Christians are communicators. While some Christians may be more or less gifted in communication, all Christians are “witnesses.” Since we have been born again into Christ and witness personally the power of the gospel, we are to bear witness of what we have seen and heard:
“But you will receive power when the Holy Spirit has come on you, and you will be My witnesses in Jerusalem, in all Judea and Samaria, and to the ends of the earth” (Acts 1:8).
It is expected. Jesus did not say “you might be” or “from time to time you could be,” but instead “you will.” We have been issued a divine summon, and we must appear and testify. This is not optional. All of us, whether we are a plumber or a preacher, a poet or a pastor, are communicators of the gospel. We communicate truths about God and His Word. We communicate the gospel in our homes, our jobs, with our friends, and in our churches. Communication should be very important to us.
It hasn’t always been important to me. Many years ago I was impressed with my own rhetorical skill and put together a sermon I was super proud of. I started with a lengthy and elaborate illustration using Gilligan’s Island as the premise. I wrote out the sermon which explained how all of us, from time to time, get stuck on a spiritual island. I spoke of how we might use all kinds of things to get off that island – we might use our intelligence, our money, our talent, our charm. See what I did there with each of the characters on the TV show?
Yep. I did that. And then, after I wrote it, I remember thinking to myself, I should find some Bible verses to stick into this talk.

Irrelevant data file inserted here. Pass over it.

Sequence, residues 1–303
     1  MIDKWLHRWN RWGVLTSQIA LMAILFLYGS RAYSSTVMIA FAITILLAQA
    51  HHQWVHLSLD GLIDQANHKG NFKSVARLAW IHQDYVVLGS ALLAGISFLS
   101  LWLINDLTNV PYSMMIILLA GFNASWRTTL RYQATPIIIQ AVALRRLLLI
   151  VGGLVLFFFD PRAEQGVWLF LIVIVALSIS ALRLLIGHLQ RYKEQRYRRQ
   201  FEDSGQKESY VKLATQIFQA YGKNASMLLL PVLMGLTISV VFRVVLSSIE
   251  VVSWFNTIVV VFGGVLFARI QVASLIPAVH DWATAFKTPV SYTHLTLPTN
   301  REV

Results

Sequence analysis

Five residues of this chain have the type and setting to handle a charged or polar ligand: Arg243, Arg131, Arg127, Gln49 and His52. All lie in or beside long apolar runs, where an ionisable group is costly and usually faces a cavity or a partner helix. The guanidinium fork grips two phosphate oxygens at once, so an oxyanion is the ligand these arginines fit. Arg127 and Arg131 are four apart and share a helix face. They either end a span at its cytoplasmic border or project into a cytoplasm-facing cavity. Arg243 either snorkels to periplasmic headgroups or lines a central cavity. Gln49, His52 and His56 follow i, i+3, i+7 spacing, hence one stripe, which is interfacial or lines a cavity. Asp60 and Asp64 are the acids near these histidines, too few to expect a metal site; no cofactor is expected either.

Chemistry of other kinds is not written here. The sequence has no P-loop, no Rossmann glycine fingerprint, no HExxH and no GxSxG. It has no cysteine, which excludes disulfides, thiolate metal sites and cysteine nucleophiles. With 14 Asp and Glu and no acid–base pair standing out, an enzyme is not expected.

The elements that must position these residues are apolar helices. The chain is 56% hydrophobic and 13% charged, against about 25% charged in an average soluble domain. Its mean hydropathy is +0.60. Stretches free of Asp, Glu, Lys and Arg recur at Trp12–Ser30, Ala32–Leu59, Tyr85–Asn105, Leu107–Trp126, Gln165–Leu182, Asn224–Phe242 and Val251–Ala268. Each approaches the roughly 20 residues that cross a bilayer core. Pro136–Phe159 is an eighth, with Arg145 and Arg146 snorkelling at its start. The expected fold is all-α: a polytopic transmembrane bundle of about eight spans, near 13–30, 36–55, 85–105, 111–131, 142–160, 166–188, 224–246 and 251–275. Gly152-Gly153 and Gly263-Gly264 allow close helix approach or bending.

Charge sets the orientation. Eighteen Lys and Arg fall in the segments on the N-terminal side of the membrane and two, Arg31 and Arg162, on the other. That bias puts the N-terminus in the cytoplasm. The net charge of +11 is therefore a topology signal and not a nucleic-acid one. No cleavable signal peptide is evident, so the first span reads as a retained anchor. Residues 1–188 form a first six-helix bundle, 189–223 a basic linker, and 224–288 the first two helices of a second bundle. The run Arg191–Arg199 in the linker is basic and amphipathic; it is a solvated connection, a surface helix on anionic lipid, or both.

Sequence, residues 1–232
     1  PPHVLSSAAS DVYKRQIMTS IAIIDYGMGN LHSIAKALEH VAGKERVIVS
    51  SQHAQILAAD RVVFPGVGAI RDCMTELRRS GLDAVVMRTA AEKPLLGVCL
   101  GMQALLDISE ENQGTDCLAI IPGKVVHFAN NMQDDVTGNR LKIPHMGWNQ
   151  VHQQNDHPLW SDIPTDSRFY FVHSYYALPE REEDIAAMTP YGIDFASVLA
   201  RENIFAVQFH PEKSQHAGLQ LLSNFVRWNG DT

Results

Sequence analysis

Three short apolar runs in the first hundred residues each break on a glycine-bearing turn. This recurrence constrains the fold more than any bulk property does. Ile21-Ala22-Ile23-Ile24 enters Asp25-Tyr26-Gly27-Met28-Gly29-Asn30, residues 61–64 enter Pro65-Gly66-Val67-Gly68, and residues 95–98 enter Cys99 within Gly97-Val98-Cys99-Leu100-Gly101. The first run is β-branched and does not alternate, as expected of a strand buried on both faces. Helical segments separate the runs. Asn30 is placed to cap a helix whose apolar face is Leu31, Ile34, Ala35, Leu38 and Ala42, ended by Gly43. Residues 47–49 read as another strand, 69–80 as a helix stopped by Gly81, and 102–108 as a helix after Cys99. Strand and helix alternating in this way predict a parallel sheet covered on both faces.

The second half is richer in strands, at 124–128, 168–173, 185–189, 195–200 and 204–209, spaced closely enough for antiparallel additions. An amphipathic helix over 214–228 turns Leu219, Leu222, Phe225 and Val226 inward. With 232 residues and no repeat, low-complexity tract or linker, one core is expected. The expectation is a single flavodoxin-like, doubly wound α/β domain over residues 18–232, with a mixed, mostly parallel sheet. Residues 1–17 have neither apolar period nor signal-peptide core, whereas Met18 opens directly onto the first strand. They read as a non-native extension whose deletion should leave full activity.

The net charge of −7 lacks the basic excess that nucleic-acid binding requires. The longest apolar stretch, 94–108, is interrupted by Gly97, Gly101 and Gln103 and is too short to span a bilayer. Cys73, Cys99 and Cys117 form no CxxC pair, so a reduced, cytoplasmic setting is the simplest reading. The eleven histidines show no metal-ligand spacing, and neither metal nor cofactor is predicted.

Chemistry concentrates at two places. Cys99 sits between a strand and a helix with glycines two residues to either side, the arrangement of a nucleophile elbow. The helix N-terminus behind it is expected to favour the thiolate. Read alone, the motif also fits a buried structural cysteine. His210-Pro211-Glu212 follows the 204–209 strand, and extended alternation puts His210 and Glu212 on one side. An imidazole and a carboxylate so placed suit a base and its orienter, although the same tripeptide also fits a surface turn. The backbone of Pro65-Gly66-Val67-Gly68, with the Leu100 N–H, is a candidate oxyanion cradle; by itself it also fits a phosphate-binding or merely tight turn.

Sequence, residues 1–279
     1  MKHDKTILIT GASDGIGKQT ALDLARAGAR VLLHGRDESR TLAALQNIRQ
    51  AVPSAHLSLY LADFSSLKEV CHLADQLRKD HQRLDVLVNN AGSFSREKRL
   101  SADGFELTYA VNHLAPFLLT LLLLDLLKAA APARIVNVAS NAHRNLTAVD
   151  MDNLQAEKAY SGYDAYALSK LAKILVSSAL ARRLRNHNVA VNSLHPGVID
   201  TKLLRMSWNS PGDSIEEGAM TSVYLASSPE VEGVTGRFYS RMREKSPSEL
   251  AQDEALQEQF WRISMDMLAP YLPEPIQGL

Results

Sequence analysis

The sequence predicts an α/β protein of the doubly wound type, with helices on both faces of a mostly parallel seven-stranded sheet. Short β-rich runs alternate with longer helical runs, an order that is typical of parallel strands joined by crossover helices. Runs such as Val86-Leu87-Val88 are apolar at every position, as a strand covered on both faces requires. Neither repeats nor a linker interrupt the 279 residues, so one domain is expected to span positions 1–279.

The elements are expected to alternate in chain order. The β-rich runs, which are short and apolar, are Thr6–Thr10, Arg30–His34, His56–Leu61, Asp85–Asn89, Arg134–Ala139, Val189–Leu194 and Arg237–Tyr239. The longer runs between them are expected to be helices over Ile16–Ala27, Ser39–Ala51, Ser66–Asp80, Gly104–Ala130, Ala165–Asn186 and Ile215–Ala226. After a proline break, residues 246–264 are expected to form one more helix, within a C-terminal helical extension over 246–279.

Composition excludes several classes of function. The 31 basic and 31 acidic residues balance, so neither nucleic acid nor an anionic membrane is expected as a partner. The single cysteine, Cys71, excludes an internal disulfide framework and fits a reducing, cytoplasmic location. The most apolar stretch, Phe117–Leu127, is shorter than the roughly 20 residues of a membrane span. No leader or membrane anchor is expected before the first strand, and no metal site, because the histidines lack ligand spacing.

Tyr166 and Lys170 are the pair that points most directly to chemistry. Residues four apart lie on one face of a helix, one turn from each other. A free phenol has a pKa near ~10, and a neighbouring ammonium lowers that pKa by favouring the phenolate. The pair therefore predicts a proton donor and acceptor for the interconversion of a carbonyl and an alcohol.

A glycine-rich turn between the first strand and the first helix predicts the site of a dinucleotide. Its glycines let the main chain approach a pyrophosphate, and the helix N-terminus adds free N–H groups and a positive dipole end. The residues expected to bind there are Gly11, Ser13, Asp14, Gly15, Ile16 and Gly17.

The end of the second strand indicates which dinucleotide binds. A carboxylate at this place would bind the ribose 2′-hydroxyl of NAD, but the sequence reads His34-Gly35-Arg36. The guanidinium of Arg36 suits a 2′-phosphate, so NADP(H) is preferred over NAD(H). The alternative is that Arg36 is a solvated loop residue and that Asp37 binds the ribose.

By God’s grace, I’ve gotten older. As I continue to mature, there are some things that are becoming more important to me about the way I communicate God’s Word. Hopefully, these will be helpful to you too:
1. Clarity over cleverness.
It’s easy to get enamored with our own cleverness. When we do this, we come up with clever ways to explain things in the Bible through illustrations. But the danger is that we distort what the Bible says with our own cleverness. As we think through illustrations, it is wise to ask whether or not we trust the use of our clever rhetoric and our own ability to communicate more than we trust the power of God’s Word.
2. Faithful over funny.
Humor is a powerful thing. I think Jesus used humor from time to time in His own teaching. For example, it is funny to think about a person who walks around with a plank stuck out of his head while he looks for splinters in someone else’s eye. Humor is a gift and a tool that we can use to help communicate. We should also be careful because we often want to keep our “funny” darlings close, the ones that we know will solicit a laugh, and then look for a way to work them in so much that we bend the true content of the message.
3. Adoration over admiration.
Everyone likes to be liked. I certainly do. It is dangerous when we communicate effectively and people leave a conversation, class, or church service dazzled at our rhetoric and we never bring them humbly to the God we represent. If that happens, then we have garnered admiration from another, but we haven’t led that other to adore Jesus Christ.
Christian, you are a witness. I am too. We are called as witnesses to be faithful, clear, and aim to point people to Jesus. Let’s make sure that our cleverness and humor doesn’t lead others to admire us instead of the Son of God.